If you were to have stepped into the High School Forum these past few weeks, you would have seen scores of students gathered in small groups, staring up at a big screen. They’re watching soccer. World Cup mania has taken over the High School (and, has certainly made its way into the Lower and Middle Schools as well). Students have popped into the Forum during a free period or in between classes to cheer on Argentina or France, Ghana or South Korea. And, of course, the United States. Students who may have never watched a soccer game are glued to the action, cheering a corner kick, gasping at a save, erupting over a goal.
What’s going on?
Of course there’s something magical about the World Cup. It is only played every four years, and provides an opportunity to think about and connect with places in the world that, most days, are far from a student’s consciousness. The World Cup helps us to imagine ourselves as global citizens.
I think there’s something more happening, though. The Forum is a place of community. It’s where our High School students experience themselves as connected to a greater whole. These connections are forged through the raffling of silly items at Monday morning meeting, through an impromptu performance from an a cappella group, through collectively celebrating a sports championship or debate victory, through inviting participation in a service project, sharing a snack purchased from the vending machine, or engaging in last-minute studying before a quiz. The Forum is one of many GDS spaces where community happens.
In 2017, New York Times columnist David Brooks wrote,“ some organizations are thick, and some are thin.” A thick institution, according to Brooks, “is not one that people use instrumentally, to get a degree or to earn a salary. A thick institution becomes part of a person’s identity and engages the whole person: head, hands, heart, and soul. So thick institutions have a physical location, often cramped, where members meet face to face on a regular basis, like a dinner table or a packed gym or assembly hall.” At the time that Brooks authored the column he was a GDS parent and, in a talk he gave to school heads later that year, he used the Forum as an example of a space that makes GDS “thick.” Read his column and you will find deep resonance between his definition and some of the defining characteristics of Georgetown Day School.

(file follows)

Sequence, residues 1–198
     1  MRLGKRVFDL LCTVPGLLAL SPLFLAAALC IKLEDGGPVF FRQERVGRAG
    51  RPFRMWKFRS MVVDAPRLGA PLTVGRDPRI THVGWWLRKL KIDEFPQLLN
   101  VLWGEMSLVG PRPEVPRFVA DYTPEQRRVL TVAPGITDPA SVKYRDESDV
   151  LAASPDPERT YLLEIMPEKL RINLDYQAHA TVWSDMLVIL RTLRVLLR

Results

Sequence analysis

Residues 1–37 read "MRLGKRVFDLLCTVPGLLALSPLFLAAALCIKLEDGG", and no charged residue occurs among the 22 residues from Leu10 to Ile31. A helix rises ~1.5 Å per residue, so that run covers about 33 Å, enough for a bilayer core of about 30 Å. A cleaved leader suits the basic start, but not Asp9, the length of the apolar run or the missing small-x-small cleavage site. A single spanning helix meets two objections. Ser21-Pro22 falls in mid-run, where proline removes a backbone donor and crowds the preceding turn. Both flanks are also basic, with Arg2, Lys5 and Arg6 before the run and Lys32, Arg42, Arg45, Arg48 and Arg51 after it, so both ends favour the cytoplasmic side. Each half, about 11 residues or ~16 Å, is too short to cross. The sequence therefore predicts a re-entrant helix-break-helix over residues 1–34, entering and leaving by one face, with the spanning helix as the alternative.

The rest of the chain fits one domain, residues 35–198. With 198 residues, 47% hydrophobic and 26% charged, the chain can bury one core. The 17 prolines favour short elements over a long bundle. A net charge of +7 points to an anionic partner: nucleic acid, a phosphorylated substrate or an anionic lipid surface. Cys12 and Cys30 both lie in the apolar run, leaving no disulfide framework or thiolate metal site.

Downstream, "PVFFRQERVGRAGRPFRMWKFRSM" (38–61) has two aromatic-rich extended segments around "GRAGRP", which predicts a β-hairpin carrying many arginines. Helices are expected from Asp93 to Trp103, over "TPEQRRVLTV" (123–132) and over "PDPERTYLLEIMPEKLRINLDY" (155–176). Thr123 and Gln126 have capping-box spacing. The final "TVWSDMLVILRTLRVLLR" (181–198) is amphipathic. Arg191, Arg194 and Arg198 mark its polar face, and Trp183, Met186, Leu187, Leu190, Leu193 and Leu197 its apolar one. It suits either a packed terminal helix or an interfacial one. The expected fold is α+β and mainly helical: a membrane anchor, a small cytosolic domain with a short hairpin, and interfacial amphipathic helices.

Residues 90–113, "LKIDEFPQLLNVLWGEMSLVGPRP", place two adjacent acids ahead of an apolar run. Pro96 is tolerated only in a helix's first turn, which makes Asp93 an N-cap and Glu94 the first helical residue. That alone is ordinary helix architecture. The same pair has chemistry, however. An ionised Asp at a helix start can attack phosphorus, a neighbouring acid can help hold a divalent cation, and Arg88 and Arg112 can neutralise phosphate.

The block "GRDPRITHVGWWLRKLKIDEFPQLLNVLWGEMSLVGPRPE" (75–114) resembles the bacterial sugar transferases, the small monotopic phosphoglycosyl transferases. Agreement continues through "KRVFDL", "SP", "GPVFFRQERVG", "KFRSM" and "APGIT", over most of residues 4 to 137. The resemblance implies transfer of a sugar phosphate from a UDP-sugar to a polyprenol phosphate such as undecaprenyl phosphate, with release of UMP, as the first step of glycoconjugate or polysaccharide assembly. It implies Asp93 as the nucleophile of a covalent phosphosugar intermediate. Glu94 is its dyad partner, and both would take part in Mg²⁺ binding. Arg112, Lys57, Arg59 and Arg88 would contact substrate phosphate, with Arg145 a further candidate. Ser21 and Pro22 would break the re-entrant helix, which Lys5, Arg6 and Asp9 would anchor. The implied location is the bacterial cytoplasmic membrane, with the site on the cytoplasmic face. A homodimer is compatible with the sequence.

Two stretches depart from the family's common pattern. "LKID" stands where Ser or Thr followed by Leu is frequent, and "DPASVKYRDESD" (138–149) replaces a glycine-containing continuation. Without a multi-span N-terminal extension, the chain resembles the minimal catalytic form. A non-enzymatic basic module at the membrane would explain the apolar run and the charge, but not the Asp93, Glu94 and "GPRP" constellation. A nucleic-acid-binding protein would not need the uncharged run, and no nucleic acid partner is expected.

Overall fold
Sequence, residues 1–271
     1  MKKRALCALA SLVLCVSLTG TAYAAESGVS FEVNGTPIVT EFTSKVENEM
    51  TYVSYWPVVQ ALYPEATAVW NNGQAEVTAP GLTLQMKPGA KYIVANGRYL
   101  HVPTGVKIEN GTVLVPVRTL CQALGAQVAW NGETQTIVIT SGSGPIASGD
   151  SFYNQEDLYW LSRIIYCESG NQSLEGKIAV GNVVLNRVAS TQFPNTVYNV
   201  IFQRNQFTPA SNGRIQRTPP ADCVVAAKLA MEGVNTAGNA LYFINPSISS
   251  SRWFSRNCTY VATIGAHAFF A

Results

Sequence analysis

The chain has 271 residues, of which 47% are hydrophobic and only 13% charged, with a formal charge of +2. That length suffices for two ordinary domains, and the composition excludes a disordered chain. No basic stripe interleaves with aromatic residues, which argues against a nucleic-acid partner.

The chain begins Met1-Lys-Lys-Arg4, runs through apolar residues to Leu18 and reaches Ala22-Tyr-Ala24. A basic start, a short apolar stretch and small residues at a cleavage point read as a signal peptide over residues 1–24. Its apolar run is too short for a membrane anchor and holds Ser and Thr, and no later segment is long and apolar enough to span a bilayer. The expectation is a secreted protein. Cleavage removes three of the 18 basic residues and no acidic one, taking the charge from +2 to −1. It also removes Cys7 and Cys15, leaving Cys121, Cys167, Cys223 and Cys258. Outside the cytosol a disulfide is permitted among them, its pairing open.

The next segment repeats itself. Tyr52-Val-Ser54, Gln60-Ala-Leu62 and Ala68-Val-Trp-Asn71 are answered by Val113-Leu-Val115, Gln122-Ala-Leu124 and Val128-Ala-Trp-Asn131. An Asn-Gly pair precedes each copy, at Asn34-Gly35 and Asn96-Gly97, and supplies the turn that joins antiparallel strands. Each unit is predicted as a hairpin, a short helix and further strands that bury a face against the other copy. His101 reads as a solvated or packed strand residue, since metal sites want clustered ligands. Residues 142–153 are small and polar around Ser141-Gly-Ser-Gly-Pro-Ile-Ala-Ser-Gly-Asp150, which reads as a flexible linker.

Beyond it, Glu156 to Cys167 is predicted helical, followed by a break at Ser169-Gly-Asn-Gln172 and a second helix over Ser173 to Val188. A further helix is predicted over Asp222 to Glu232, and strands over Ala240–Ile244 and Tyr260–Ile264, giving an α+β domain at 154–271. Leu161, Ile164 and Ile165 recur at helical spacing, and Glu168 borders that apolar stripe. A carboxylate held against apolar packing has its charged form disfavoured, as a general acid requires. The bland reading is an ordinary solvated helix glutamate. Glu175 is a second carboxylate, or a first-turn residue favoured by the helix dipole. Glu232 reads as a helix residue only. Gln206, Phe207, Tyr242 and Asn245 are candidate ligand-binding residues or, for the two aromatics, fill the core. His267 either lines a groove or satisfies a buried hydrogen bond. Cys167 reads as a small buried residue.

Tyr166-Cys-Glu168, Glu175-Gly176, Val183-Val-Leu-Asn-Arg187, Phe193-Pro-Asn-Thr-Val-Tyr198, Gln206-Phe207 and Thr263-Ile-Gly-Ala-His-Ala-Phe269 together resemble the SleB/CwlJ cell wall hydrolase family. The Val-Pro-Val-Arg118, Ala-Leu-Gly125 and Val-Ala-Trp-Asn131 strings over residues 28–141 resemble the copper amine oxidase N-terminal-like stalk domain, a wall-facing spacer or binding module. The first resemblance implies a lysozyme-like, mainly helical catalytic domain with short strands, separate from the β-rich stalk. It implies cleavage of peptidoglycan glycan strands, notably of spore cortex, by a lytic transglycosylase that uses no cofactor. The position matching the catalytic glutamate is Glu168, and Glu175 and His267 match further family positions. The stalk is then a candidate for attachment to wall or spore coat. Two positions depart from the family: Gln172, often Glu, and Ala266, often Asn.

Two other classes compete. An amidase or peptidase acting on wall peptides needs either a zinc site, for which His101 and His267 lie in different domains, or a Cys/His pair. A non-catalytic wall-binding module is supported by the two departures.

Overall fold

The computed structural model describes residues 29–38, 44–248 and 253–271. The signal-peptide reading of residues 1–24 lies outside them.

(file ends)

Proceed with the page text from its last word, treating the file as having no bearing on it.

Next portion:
Thick environments are enormously protective for young people. GDS students feel a deep connection to our culture, to rituals both formal (graduations, the Senior Run-In, the Christmas Assembly, the MLK Teach-In Day) and informal (the ways in which we greet each other, the joy that pervades hallways and stairwells, the use of first names). They know this is their school and this fosters a deep sense of belonging that differentiates GDS. It is not a coincidence that Challenge Success consistently measures the sense of belonging at GDS among the highest of any schools it surveys nationally. We prioritize connection. We prioritize agency and ownership. We prioritize fun.
On a recent campus tour, a prospective GDS parent asked their tour guide, “Why are the kids so happy?” It’s not an uncommon question on our tours. I think it has a lot to do with community, with connection, with belonging. We are fortunate to be a thick institution. It is, I would argue, at the heart of our “special sauce,” an ineffable defining characteristic that students know when they experience it and that helps to anchor them in community and in joy.